The terra-cotta colored building sits on a prime lot, right by Mariatorget on Stockholm's trendy island of Södermalm, where it's neighbors include high-end boutiques, cafes and a luxury hotel. The church has been here since 1876. It's got a garden and rooms for receptions and stained glass windows and an organ. It's spacious - with enough room to fit about 300 people. And Bo Berglund is one of the people who's been coming here for the last couple of decades. He's the chairperson of the congregation and explains that they need to sell St. Paul's, because they have so few members left, less than 10 according to Berglund. They can't afford the costs of upkeep.
On this day, an organ and piano student named Henri Turu, is here practicing.
"A church is supposed to be a church, and not something else, so it's sad," he says.
What's happening is nothing new to Bo Berglund, the chairperson of the congregation, who says St. Paul's sister church in Östermalm was sold about a year ago.
Staffan Tell, the spokesperson of Hemnet, a big website that collects real estate listings from all over Sweden, says a handful of churches are listed on the real estate market every year and thatthis has to do with long-term trends in Sweden, which is becoming more secular and more urbanized.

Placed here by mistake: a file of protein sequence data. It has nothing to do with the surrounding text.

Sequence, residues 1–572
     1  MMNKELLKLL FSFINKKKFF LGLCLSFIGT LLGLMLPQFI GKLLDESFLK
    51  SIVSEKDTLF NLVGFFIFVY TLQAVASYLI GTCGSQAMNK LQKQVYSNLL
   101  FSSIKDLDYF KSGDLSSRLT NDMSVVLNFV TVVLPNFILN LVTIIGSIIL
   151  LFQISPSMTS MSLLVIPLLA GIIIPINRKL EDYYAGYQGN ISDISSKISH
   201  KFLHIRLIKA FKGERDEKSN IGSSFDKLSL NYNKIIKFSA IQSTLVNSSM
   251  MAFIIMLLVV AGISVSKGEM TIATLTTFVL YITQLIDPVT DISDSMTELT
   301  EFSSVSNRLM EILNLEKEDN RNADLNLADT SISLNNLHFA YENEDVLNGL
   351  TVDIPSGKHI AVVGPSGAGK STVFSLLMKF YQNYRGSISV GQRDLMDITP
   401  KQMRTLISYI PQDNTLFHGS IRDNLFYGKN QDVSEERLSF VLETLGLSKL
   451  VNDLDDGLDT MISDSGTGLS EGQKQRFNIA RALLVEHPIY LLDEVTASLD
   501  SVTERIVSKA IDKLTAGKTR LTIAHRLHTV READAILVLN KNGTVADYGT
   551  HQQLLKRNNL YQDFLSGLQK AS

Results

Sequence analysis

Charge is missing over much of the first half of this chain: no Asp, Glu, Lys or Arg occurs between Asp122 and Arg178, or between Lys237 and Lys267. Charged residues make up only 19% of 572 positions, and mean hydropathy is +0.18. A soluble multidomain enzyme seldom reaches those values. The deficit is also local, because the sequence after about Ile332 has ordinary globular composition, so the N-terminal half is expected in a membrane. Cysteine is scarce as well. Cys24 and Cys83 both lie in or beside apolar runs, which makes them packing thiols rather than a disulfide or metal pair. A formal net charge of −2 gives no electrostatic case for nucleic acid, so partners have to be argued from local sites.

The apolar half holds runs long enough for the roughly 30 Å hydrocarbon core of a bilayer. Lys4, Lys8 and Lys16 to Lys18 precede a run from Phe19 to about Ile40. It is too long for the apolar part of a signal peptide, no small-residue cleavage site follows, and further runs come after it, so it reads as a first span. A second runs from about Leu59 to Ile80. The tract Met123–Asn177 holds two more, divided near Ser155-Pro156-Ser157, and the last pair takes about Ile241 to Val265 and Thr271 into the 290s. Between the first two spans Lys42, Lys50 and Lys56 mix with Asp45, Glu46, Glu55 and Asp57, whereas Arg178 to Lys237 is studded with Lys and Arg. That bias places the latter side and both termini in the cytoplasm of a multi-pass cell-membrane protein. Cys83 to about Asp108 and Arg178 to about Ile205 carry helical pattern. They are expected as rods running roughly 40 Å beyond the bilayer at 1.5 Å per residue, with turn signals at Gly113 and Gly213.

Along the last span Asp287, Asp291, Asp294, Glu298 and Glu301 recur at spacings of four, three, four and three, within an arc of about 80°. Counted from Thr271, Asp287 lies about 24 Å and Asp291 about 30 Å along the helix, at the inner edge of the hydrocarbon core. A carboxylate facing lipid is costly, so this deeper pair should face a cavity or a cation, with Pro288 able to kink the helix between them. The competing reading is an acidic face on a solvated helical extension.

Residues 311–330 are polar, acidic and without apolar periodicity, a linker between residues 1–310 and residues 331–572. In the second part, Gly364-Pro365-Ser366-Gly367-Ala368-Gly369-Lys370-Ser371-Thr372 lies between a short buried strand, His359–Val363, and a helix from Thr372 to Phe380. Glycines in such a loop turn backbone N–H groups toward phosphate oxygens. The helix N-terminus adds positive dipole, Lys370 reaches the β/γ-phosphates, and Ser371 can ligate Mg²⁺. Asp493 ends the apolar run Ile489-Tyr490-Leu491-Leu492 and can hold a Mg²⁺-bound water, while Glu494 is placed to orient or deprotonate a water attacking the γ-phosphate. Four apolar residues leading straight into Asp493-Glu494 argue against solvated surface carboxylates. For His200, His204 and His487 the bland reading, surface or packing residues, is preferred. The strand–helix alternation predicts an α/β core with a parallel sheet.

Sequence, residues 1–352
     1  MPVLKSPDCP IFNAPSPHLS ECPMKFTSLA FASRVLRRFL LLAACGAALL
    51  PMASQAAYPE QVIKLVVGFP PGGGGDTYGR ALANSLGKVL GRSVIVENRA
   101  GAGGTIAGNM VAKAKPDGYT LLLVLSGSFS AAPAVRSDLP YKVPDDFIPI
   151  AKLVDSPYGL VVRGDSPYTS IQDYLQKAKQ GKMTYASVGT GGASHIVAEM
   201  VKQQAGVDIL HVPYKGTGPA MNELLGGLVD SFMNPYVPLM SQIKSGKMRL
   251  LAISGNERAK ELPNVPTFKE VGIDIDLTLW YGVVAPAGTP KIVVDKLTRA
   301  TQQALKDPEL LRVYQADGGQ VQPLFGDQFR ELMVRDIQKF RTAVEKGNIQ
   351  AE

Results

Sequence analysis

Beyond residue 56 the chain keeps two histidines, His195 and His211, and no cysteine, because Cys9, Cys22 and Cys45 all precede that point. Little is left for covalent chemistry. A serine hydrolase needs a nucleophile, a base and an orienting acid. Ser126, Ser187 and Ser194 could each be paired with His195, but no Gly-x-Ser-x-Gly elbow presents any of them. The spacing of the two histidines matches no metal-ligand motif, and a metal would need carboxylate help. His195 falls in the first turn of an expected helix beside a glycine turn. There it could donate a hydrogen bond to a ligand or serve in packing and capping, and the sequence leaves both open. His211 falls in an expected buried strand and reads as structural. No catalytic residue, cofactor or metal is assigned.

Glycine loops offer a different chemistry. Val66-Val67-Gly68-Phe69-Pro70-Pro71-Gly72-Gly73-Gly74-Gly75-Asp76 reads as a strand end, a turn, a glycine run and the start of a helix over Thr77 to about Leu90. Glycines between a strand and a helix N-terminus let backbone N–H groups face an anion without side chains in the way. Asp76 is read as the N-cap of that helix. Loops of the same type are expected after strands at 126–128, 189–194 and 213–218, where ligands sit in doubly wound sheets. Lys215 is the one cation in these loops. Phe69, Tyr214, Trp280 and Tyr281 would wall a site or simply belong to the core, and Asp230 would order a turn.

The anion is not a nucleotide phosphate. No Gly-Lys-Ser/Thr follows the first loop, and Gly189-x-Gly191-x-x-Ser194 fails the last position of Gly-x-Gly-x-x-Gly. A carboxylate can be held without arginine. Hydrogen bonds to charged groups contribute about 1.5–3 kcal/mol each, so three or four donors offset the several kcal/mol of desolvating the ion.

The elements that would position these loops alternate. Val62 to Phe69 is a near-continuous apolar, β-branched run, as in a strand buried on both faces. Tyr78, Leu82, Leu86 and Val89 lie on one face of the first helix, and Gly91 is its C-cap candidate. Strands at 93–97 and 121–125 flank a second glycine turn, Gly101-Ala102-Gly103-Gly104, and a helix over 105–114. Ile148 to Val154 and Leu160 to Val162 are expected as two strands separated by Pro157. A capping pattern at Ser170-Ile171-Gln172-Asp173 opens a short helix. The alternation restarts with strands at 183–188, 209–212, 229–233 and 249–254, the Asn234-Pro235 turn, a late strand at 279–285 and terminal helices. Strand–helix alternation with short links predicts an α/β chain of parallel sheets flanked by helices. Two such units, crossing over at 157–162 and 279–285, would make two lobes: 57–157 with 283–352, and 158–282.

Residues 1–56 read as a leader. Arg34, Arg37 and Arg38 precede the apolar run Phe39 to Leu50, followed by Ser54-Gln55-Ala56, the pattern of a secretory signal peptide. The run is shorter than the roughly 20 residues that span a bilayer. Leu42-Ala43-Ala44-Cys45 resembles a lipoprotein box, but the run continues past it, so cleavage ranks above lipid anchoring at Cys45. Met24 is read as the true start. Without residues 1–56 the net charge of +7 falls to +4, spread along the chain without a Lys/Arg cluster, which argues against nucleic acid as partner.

Tell says these types of listings can be attractive to buyers seeking the charm and character that buildings with history can offer.
Station-houses and windmills that have gone into disuse occasionally come up on the market, too, and get converted for other purposes. A courthouse in northern Sweden, in Sollefteå, with almost 2 dozen rooms, distributed throughout some 800 square meters recently went for 4.3 million kronor. In Stockholm, for that price you might be able to buy an apartment a tenth of the size.
In the case of St Paul's, though, the price will undoubtedly be a lot more, given such a desirable location in the nation's capital. The church has been valued at between 30 and 35 million kronor, and whatever the congregation gets for it, they've already decided to give every penny - or öre - to charity. They've been discussing using part of the money to help pay wages for hospital chaplains.
Berglund says that well over 100 people have already expressed interest in it, but he explains that it won't necessarily go to the highest bidder. The congregation would not like the new owners to install a nightclub there, for example. Instead, they would prefer another church to move in or a cultural organization. However, they can rest easy knowing the church won't get torn down, because it's protected.
Berglund, whose favorite thing in the church is a painting of the resurrection, that hangs over the altar, is pragmatic about the whole idea of selling the church:
"Of course it's a strange feeling, but I can go to another church," says Berglund, adding, "My God is not only in this church."
The few church members who are left will go their separate ways and find new places of worship.
Bidding ends this weekend.